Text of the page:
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Successful Shareware, Part 2

In part one of this article (see TidBITS-395), I introduced my list of seven "Ps" that shareware authors must consider when creating and marketing their products, and talked about the first two: Product and Patience. This week’s installment covers the extremely important third P, Polish. Next installment I’ll hit the last four Ps: Pay Up, Propagation, Promotion, and Politics.

The Third P: Polish — "The first 90 percent of the job takes 90 percent of the time, and the last 10 percent takes the other 90 percent." It’s true – when the programming’s done and all the features work flawlessly, you’re not nearly done preparing your product for release.

Another great quote is "Sweat the details." Tiny details matter more than many programmers think. Your potential customers want to have confidence in your product. The more flaws they perceive, the less likely they’ll be willing to pay, even if the product performs perfectly. That may not be rational, but it’s true.

So what kind of details are we talking about?

Make It Pretty — People are more willing to buy a product that looks good. Prettiness is not a substitute for robustness or functionality, but the better looking your product is, the more copies you will sell.

If you are not artistically inclined, then find someone who is. Talk a friend into doing your graphics for free, or hire someone you can afford. A tasteful splash screen, a spiffy logo, cool icons, and button labels go a long way toward a good impression. Every time I’ve improved the appearance of Solitaire Till Dawn I’ve had a big jump in sales, and I don’t think it’s a coincidence. Pretty pays!


Human Interface Guidelines — Every platform – Mac, Windows, Unix, you name it – has a "style." The Mac especially has a reputation for a completely consistent user experience, due to Apple’s early publication of its Macintosh Human Interface Guidelines. These guidelines specify in detail where icons and buttons should be placed, how large these elements should be, how much white space should surround them, the proper use of color, sound, and much more. This is why, in every application, you find the commands such as Quit, Print, and Open in the same place, with the same names and the same keyboard shortcuts. Most Mac developers have learned not to mess with these commands, because Mac users turn their noses up at applications that get the Human Interface Guidelines (HIG) wrong. But there’s much more to good human interface design than those obvious points.

HIG: Lay Out Dialogs and Alerts Carefully — Many programs have cluttered, crowded windows. Users prefer windows with only a few controls and plenty of white space. Controls and displays should be carefully organized: related controls should be together, perhaps grouped and separated from unrelated controls. Align checkboxes and buttons so your layout doesn’t look sloppy. Place common elements consistently – the OK and Cancel buttons should be in the same place in all dialogs.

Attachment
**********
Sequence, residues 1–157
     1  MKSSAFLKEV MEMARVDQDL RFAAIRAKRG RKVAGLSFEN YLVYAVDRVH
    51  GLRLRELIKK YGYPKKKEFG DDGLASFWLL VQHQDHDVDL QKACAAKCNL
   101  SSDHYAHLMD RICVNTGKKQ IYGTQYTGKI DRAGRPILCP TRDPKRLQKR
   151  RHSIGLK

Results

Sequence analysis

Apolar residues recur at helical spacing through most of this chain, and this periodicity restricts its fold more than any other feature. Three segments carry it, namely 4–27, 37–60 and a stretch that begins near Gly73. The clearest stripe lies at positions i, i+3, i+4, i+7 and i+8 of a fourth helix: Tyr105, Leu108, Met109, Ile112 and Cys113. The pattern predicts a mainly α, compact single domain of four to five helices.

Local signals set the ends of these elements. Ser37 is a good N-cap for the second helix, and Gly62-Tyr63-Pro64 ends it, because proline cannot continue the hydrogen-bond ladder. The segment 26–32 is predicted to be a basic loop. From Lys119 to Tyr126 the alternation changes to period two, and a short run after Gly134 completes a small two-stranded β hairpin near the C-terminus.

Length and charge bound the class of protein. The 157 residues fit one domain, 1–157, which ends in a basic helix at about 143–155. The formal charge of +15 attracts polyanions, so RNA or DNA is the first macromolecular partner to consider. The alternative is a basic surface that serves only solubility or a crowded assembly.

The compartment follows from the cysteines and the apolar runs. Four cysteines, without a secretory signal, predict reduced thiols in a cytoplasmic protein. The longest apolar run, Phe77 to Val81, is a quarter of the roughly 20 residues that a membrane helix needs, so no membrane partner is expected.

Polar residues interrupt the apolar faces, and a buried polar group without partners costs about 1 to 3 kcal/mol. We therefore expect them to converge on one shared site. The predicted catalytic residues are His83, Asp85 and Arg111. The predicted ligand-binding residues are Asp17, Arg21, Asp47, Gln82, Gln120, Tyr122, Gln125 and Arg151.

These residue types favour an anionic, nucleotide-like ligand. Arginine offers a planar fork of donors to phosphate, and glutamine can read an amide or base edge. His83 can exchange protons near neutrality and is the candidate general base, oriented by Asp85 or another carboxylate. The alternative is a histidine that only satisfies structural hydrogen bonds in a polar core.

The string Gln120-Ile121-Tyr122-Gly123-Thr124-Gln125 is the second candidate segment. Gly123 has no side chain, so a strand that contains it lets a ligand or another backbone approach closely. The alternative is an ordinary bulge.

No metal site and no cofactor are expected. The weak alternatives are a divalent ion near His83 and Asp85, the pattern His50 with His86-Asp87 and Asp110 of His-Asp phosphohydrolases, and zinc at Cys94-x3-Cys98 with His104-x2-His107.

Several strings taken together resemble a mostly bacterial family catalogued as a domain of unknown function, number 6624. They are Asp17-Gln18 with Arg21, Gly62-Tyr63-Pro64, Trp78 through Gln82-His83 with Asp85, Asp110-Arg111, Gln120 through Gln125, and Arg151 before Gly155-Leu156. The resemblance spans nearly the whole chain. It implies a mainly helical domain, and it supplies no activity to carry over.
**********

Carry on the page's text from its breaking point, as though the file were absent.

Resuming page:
If you have too many controls, consider using swappable panels or some way for the user to select a category of controls so that the window displays only those controls and hides the rest. This technique lets you cram many controls into a small window without crowding. Look at Netscape Navigator or Eudora for examples.

HIG: Avoid Dialogs — The fewer modal dialog boxes you present, the better. They interfere with the user’s workflow (or "playflow"). Often they report error conditions of various sorts, so a good way to eliminate them is to reduce the number of possible errors that must be reported to a user.

A good example of bad dialog use is a solitaire game I once saw. To move a card, you first had to click it. Then you had to click the place you wanted to move it. If you clicked on an illegal destination, you saw an alert dialog, telling you that you couldn’t make that move. Worse, if you clicked a card you wanted to move, then changed your mind, there was no easy way to cancel the move. You had to click someplace illegal, suffer the alert, and dismiss it before you could try to move a different card.

A better interface is to have the user drag & drop the card over the intended destination. When you release the button, the card drops. If the card is not dropped over a legal destination, the card quietly zips back to its starting point, and the user can try to move something else immediately. An improvement would be to have legal destinations highlight as the card is dragged over them.

If you can design your interface so the user can’t make mistakes, you’ll eliminate a whole class of user annoyances and avoid writing lots of boring dialogs.

HIG: Too Many Options Are Bad — Whenever you have to decide whether a feature should work this way or that way, the temptation is to make it work both ways and give the user the choice. Sometimes this is the right thing to do, but too many options frighten users. Most people want programs that are simple to understand and use. Anything that looks too complicated will be tossed in the trash.

So how do you minimize options? One way is to ask yourself how many people will need the choice. If 90 percent of your users want the feature to work the same way, you might be better off hard-coding it that way and letting the other 10 percent be frustrated.

Sometimes options can be hidden. Peter Lewis’s FTP client Anarchie puts up a progress window during file uploads and downloads. The window shows progress in a variety of ways, including a numeric estimate of how much longer the operation will take. Some people, however, prefer to know how long it’s taken so far; others want to know what time it will be done ("5:35 PM" instead of "twelve minutes from now"). Peter could have put all those indicators in the window, but that would have made a huge, cluttered, unreadable display. He could have put the options in a Preferences window, but that would have resulted in a complicated interface. His solution was simple and effective. When the user clicks the numeric readout, it switches to an alternate form. Click again, and see a third form. Click again, and you return to the first. Power users learn about this by reading the documentation or the online Tips, but users who don’t care may never realize that the feature exists.